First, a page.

Sellers’ Housing Market

Mike Capelle, Broker/OwnerMike Capelle, Broker/Owner

Demand for real estate is growing strong in many parts of the country, and entry-level buyers find little inventory but lots of competition, leading to a frustrating sellers’ housing market.

For sellers, this means quicker and easier sales, if they price appropriately. For buyers, this means fighting it out with others for their dream home. Here are tips for both sellers and buyers in competitive markets.

Seller: Prepare, inspect, disclose and plan ahead

Although sellers hold the cards and can call the shots in periods of high demand, the market is less forgiving if you make a mistake. Losing a buyer and going “back on market” can mean that you will never see the great deal you had with the first buyer.

The trick is not to lose the first buyer. If you know you have issues, get in front of them. It’s better for you be up front about an issue rather than have your buyer discover it on their own, because once you have a deal, the buyer takes control. If the roof is old, you have a room that’s not permitted, or you have a small plumbing issue, it’s better for you to tell the buyer in advance, so they can factor that into their offer. It is even better to deal with small issues, or even to have inspections done, before selling, so that the negatives don’t cloud the positives. Buyers are more forgiving of defects if they are competing with other buyers, but discovery of issues after a deal is reached could kill the sale.

Buyer: Be ready to move

Successful buyers in a sellers’ market are aggressive, motivated and quick to act. You must compete with these folks if you are serious about becoming a homeowner in a competitive sellers’ housing market.

Before you even start looking, you must have your financing lined up. In a competitive market, sellers will not take their home off the market without proof that you have the ability to pay. If you intend to finance the purchase with a loan, you need at a minimum a loan pre-qualification letter—better yet, a pre-approval letter. If paying cash, you need a bank/brokerage statement showing you have the funds to purchase.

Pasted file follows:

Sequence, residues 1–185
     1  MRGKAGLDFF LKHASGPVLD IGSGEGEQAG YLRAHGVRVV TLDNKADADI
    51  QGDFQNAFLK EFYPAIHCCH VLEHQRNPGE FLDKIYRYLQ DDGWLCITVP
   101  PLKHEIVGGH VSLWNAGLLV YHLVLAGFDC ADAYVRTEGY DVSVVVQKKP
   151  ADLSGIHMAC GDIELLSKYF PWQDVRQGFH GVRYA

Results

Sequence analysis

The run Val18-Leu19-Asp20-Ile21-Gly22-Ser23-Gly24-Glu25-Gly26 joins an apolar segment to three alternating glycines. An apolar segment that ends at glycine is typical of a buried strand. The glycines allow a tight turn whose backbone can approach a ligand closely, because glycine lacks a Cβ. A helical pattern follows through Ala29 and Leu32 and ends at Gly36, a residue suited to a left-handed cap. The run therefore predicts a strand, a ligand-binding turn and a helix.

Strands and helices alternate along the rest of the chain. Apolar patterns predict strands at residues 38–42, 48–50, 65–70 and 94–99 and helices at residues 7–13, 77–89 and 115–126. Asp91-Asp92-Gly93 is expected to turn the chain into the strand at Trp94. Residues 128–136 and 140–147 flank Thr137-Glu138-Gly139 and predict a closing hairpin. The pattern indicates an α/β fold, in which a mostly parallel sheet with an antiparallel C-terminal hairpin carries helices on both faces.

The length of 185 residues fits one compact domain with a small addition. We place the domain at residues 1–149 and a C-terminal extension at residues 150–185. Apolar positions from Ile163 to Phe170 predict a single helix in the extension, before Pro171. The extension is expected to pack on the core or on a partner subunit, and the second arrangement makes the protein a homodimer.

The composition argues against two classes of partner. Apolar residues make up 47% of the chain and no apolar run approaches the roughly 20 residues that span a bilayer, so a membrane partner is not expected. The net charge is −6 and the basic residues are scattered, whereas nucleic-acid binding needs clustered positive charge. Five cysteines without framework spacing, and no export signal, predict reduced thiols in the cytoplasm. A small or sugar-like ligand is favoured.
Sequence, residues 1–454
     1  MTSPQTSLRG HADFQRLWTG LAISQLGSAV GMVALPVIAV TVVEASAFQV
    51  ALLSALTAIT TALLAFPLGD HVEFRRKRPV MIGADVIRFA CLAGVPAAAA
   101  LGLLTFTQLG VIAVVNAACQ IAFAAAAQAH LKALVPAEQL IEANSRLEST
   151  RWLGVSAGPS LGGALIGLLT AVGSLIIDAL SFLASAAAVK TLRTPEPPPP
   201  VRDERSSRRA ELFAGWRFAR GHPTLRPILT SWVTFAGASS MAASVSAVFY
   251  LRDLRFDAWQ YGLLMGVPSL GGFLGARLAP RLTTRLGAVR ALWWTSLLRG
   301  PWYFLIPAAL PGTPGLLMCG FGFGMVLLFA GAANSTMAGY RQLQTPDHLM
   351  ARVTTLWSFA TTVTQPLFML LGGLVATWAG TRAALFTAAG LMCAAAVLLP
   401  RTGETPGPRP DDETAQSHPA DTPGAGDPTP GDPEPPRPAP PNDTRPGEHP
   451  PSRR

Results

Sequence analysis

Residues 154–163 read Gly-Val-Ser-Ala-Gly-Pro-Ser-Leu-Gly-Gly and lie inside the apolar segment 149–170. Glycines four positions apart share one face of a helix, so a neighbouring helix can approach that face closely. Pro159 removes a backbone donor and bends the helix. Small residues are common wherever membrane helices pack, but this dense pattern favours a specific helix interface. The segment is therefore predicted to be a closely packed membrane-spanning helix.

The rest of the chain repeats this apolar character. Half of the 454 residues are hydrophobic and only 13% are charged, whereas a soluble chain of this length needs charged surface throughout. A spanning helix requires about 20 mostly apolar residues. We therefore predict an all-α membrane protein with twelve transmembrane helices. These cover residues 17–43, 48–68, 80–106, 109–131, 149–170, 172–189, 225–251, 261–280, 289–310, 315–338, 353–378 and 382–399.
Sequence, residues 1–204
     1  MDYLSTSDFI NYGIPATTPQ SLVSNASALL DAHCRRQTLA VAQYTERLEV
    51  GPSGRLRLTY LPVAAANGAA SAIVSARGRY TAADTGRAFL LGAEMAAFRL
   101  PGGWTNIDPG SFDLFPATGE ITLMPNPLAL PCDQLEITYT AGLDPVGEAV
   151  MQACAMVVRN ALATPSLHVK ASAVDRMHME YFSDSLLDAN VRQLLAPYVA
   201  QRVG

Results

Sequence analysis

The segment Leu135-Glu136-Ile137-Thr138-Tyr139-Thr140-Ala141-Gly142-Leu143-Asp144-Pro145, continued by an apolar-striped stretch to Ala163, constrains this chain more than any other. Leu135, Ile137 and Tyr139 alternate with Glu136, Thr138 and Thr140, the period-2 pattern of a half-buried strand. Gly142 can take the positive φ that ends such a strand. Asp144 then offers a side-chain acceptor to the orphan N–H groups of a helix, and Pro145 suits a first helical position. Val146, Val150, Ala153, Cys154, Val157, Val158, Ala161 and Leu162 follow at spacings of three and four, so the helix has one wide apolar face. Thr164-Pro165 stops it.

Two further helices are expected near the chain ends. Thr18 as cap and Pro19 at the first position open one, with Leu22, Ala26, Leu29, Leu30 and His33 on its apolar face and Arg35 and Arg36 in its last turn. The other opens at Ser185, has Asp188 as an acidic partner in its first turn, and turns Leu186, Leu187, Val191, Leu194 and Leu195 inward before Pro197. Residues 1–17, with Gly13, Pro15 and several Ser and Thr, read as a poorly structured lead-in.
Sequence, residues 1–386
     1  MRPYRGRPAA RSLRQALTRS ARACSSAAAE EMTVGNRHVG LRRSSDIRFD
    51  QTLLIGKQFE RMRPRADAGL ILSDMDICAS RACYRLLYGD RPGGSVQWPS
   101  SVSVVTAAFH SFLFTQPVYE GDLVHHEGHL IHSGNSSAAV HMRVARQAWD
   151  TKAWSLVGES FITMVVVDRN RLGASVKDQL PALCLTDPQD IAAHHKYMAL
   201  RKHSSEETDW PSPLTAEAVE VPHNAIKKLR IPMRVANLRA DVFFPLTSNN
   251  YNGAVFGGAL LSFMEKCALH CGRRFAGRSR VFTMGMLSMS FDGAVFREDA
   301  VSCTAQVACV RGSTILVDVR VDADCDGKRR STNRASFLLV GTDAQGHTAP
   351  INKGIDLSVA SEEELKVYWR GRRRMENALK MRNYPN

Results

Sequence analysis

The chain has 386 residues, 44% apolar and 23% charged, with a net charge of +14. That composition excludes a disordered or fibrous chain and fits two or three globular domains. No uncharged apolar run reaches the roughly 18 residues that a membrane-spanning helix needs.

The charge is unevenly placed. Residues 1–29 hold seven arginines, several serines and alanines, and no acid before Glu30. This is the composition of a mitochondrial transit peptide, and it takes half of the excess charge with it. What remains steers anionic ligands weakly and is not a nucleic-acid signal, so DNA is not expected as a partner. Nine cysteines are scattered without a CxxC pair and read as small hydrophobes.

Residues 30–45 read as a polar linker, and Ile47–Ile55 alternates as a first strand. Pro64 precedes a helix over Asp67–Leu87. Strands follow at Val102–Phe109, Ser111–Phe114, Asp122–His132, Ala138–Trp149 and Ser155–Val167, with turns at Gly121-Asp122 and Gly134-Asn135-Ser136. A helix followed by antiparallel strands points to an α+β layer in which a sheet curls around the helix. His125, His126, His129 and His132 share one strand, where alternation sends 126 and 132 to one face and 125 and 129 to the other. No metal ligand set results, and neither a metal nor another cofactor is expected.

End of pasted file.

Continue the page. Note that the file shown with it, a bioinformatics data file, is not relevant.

The second a desirable new listing alert hits your phone or email, make a point to see it. If a home goes on the market Tuesday, you can’t expect it will still be available that weekend. The competitive market and a strong desire for homeownership will propel a serious buyer to get into a house and make an offer within days of it listing. There is nothing more disappointing than to hear that a great home is no longer available.

Seller: Have a strategy for dealing with offers

It might seem obvious to take the offer you get two days after going on the market, but are you moving too fast? Will there be others if you wait? There’s no universal approach because each town, county and a market are different. In some, it will make more sense to wait a week to 10 days, have more showings and review any and all offers at once. In others, you might want to act on the offers as they come.

If you take the wrong approach, you might miss out on a better offer to come, or lose the excitement and momentum of a motivated buyer. You and your agent should discuss strategy before listing, and your agent should keep you up to date on what is happening with your listing over time. The real estate market changes from month to month, and you may need to make changes in your game plan, in consultation with your agent.

Buyer: Expect to miss out a few times

Buyers may they need to miss out on a few houses to truly appreciate the right house when it comes along. The buying process takes buyers in many directions, and the market is always changing with new listings and sales. Go with it…don’t get too attached to that one house, be ready to compromise on your requirements. You might not offer enough or not act fast enough on one or two homes early on. The more homes you see, the more comfortable you will be with the market and how it works.

Learn from each missed opportunity. Knowing that you lost out once before will motivate you to make the best offer the next time. You don’t know what you don’t know, so be willing to chalk up a loss or two to experience. Plus when you look back, you may realize that a home you thought was perfect wouldn’t have been so great after all.

Seller: Know the competition — and compete

A smart seller will consider what else is currently on the market along with recently completed sales. Once they are ready to go, they will analyze with their agent the “comps” again. The strategic seller will price their home to get the eyeballs and showing activity.

Chances are you can’t compete with the similar home down the block with the killer kitchen. But price your home with that fact in consideration, and a buyer may see value along with room for improvement in your kitchen.

The well-priced homes that show well will grab the immediate attention of the buyers, and sell faster and for more money.

Be prepared, whether buying or selling

Real estate is expensive, and the process can be stressful. In active markets, both sellers and buyers need to be on their game if they want to successfully buy and sell.

Sellers have the advantage because they can plan in advance of going on the market. They have the luxury of being proactive, and they should use that to their advantage.

Buyers need to be reactive and, as such, they need to be prepared to move quickly. When all is said and done, life goes back to normal. But prepare for a little disorder in the meantime.

— Inspiration: Zillow Blog

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